I toured LGBTQ-friendly neighborhoods in 3 cities during Pride Month and found they all honor LGBTQ people in unique ways

I toured LGBTQ-friendly neighborhoods in 3 cities during Pride Month and found they all honor LGBTQ people in unique ways

When I got closer to the pylons along the Legacy Walk, I noticed each side honored an LGBTQ leader.

Three of the plaques at the Legacy Walk.

Frank Olito/ Insider


The Legacy Walk pylons feature short biographies for famous LGBTQ figures like Audre Lorde, Oscar Wilde, James Baldwin, Bayard Rustin, Freddie Mercury, and Alan Turing.

One plaque focuses on historic symbols, like the Pink Triangle, an emblem that was placed on LGBTQ people in concentration camps during the Holocaust to further humiliate them. In the ’70s, the Pink Triangle was reclaimed as a symbol of pride for the community.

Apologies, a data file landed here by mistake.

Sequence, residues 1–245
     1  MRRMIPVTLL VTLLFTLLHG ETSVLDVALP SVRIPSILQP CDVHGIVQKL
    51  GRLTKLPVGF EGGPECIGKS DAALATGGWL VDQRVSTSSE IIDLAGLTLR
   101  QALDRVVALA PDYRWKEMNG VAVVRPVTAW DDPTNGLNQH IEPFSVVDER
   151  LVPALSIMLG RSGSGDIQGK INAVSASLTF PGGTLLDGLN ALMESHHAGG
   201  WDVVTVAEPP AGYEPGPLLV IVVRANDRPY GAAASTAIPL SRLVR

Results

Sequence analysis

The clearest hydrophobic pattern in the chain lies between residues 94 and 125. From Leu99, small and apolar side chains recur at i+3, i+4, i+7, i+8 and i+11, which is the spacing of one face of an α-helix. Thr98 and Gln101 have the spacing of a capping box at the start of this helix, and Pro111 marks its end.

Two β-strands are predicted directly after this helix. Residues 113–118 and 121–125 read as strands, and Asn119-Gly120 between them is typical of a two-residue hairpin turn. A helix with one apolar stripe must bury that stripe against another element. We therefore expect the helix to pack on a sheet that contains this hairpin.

Another plaque along the Legacy Walk honors the Harlem Renaissance, which took place after World War I when people left the segregated South and fled to Harlem in Manhattan. As a result,  the new community had a creative outpouring of writing, music, and art. Many of the residents in Harlem at that time identified as LGBTQ, like poet Langston Hughes and writer Alain Locke.

While New York honored LGBTQ history using virtual reality, Chicago’s Boystown honored the history of LGBTQ people with these beautiful, educational monuments.

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